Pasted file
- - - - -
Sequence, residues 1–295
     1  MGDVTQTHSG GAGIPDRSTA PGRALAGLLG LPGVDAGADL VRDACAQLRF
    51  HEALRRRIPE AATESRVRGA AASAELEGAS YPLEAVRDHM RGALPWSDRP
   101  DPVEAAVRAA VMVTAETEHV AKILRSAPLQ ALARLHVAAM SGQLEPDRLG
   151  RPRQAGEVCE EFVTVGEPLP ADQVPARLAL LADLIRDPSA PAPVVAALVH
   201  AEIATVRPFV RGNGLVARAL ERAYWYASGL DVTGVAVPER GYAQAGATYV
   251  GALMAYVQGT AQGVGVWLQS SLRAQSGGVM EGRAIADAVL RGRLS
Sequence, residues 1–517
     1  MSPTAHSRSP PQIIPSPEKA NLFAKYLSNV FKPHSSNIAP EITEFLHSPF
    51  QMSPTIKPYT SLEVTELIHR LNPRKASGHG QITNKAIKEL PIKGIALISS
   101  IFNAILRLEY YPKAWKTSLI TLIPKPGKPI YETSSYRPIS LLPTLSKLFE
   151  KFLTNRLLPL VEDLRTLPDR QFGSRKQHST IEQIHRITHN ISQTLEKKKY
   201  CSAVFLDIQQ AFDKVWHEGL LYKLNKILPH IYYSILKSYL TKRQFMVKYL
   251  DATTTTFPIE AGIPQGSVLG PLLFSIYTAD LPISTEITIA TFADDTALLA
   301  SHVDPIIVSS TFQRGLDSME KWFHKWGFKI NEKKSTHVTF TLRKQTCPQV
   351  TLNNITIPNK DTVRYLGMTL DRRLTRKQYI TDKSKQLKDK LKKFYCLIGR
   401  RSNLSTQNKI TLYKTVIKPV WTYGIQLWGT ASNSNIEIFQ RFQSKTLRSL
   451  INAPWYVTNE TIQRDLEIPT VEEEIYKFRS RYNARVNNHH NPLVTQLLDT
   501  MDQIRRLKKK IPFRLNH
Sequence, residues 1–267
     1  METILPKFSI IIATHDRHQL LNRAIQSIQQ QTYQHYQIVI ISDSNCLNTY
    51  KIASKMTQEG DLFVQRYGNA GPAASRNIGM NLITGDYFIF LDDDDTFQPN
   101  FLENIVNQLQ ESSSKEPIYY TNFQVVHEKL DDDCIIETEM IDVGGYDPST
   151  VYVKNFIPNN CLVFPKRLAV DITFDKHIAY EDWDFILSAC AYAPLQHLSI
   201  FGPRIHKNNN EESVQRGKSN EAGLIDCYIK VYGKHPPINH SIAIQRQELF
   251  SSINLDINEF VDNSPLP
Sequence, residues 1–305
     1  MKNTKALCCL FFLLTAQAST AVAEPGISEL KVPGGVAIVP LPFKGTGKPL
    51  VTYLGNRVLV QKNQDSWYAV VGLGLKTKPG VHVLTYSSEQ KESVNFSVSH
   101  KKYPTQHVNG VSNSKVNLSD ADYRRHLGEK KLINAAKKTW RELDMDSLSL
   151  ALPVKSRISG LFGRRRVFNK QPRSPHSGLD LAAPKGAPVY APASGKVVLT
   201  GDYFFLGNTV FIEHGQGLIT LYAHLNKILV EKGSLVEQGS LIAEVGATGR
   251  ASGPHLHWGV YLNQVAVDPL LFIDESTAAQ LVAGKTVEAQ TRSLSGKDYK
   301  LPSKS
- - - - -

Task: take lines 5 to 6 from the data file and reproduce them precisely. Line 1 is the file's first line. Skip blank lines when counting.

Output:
   151  RPRQAGEVCE EFVTVGEPLP ADQVPARLAL LADLIRDPSA PAPVVAALVH
   201  AEIATVRPFV RGNGLVARAL ERAYWYASGL DVTGVAVPER GYAQAGATYV